Gender pairings and accountability effects
AbstractWe conduct an experiment to investigate how the gender composition of an audience interacts with the gender of a player thereby shaping her/his degree of responsibility in decision-making. Together with the measures of accountability based on decision theory, we employ two physiological measures, blood pressure and heart rate variability, which allow us to disentangle the separate effects of stress and accountability. Our results show that men are more sensitive to changes in the gender composition of the audience; specifically, men lower their accountability when paired with a female audience. By contrast, women display a level of accountability that does not change with gender pairing. Finally, we find that the variation in blood pressure has a significant but small effect only on men's behavior.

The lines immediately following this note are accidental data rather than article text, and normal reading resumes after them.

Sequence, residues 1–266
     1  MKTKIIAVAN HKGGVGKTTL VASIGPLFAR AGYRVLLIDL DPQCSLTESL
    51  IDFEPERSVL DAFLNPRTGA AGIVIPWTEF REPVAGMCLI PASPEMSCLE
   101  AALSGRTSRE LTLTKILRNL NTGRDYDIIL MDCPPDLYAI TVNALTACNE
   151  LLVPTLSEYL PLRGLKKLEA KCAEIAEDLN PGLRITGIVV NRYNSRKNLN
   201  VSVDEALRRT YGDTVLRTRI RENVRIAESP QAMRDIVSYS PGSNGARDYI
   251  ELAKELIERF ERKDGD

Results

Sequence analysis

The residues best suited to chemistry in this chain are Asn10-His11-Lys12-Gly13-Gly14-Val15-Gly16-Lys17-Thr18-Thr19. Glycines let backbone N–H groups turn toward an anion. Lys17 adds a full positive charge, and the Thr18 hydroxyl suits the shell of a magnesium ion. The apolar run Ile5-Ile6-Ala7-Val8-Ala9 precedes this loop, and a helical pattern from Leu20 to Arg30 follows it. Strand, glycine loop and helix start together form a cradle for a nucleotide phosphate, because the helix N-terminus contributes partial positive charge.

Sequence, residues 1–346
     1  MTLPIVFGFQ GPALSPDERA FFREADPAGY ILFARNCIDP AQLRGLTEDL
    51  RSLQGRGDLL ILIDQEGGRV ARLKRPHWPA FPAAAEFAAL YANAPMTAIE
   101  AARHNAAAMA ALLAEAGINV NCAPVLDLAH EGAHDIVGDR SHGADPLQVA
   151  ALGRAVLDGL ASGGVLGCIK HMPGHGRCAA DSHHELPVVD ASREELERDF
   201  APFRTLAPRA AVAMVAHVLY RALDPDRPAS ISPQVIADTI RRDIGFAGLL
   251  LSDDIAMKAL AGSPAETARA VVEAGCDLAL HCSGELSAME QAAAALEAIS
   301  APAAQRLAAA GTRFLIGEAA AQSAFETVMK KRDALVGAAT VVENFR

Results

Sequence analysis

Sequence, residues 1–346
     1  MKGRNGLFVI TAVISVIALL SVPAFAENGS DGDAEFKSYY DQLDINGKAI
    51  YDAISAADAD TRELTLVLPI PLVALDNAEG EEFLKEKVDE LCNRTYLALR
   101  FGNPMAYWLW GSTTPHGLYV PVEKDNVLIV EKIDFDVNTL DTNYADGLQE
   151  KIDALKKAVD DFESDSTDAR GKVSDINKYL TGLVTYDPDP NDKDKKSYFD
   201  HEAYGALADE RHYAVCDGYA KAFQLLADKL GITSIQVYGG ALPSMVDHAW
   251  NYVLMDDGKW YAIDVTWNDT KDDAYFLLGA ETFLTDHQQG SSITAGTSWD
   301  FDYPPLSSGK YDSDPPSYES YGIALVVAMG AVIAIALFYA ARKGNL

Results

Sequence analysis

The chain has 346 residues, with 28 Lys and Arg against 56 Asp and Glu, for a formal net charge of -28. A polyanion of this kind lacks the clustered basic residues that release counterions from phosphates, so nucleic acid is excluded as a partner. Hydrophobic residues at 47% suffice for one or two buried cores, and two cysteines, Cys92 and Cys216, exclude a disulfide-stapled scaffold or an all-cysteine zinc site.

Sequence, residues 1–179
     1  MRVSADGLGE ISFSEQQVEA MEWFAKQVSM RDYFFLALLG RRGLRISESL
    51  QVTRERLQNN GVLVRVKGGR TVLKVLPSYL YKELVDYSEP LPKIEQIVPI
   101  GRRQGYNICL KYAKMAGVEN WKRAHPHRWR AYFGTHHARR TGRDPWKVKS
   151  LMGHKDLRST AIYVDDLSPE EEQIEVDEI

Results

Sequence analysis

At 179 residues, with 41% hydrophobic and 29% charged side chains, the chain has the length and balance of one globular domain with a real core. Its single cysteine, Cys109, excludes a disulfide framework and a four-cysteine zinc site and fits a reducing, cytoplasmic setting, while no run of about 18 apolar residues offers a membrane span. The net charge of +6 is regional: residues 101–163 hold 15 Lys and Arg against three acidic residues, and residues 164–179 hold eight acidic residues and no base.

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Bibliographic InfoArticle provided by Elsevier in its journal Journal of Economic Behavior & Organization.
Volume (Year): 83 (2012)
Issue (Month): 1 ()
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Web page: http://www.elsevier.com/locate/jebo
Accountability; Gender differences; Simple and compound events; Physiological measures;
Other versions of this item:
- Jordi Brandts & Orsola Garofalo, 2010. "Gender Pairings and Accountability Effect," Labsi Experimental Economics Laboratory University of Siena 034, University of Siena.
- J16 - Labor and Demographic Economics - - Demographic Economics - - - Economics of Gender; Non-labor Discrimination
- D71 - Microeconomics - - Analysis of Collective Decision-Making - - - Social Choice; Clubs; Committees; Associations
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